The Biden-Harris Administration has announced that it is proposing to strengthen wastewater discharge standards that apply to coal-fired power plants.
The US Environmental Protection Agency (EPA) proposal follows the latest science and applies EPA’s longstanding authority under the Clean Water Act to reduce discharges of toxic metals and other pollutants from these power plants into lakes, streams, and other waterbodies. The proposed rule would help protect our nation’s vital water resources that support safe drinking water, agriculture, and healthy communities while providing greater certainty for industry.
“Ensuring the health and safety of all people is EPA’s top priority, and this proposed rule represents an ambitious step toward protecting communities from harmful pollution while providing greater certainty for industry”, said EPA Administrator Michael S. Regan. “EPA’s proposed science-based limits will reduce water contamination from coal-fired power plants and help deliver clean air, clean water, and healthy land for all.”
Coal-fired power plants discharge large volumes of wastewater into waterways, such as: ponds, lakes, rivers, and streams. The discharges include pollutants such as: selenium, mercury, arsenic, nickel, bromide, chloride and iodide, nutrient pollution, and total dissolved solids. Exposure to these pollutants can harm people and ecosystems through contamination of drinking water sources, recreational waters, and aquatic life.
EPA’s proposed rule would establish more stringent discharge standards for three types of wastewater generated at coal fired power plants: flue gas desulfurisation wastewater, bottom ash transport water, and combustion residual leachate. The proposed rule also addresses wastewater produced by coal fired power plants that is stored in surface impoundments (e.g. ash ponds). The proposal would define these ‘legacy’ wastewaters and seeks comment on whether to develop more stringent discharge standards for these wastewaters.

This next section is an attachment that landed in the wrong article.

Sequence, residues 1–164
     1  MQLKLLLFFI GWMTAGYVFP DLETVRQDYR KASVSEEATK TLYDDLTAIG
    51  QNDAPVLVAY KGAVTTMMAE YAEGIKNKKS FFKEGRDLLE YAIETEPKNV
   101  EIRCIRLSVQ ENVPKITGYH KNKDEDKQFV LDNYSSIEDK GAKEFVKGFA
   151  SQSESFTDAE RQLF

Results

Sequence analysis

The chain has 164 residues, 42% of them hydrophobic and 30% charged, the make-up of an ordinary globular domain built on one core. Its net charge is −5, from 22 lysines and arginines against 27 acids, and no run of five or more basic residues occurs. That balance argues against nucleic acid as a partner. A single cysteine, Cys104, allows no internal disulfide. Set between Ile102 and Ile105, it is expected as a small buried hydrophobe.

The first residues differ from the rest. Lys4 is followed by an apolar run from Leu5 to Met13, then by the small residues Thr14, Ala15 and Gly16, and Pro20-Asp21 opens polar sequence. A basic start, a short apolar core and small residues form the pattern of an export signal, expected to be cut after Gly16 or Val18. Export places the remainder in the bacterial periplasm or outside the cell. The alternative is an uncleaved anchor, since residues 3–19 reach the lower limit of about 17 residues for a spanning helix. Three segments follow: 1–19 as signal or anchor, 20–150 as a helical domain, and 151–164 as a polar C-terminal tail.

EPA is also proposing changes to specific compliance paths for certain ‘subcategories’ of power plants. The agency’s proposal would retain and refresh a compliance path for coal-fired power plants that commit to stop burning coal by 2028. The agency is issuing a direct final rule and parallel proposal to allow power plants to opt into this compliance path. Additionally, power plants that are in the process of complying with existing regulations and plan to stop burning coal by 2032, would be able to comply with the proposed rule.
EPA estimates that the proposed rule would reduce pollutants discharged through wastewater from coal-fired power plants by approximately 584 million lb/yr. This means that communities across the country would benefit from cleaner and more resilient water resources, especially low-income communities and communities of colour that are disproportionately impacted by pollution from coal-fired power plants.
Read the article online at: https://www.worldcoal.com/coal/13032023/biden-harris-administration-proposes-stronger-limits-on-water-pollution-from-power-plants/
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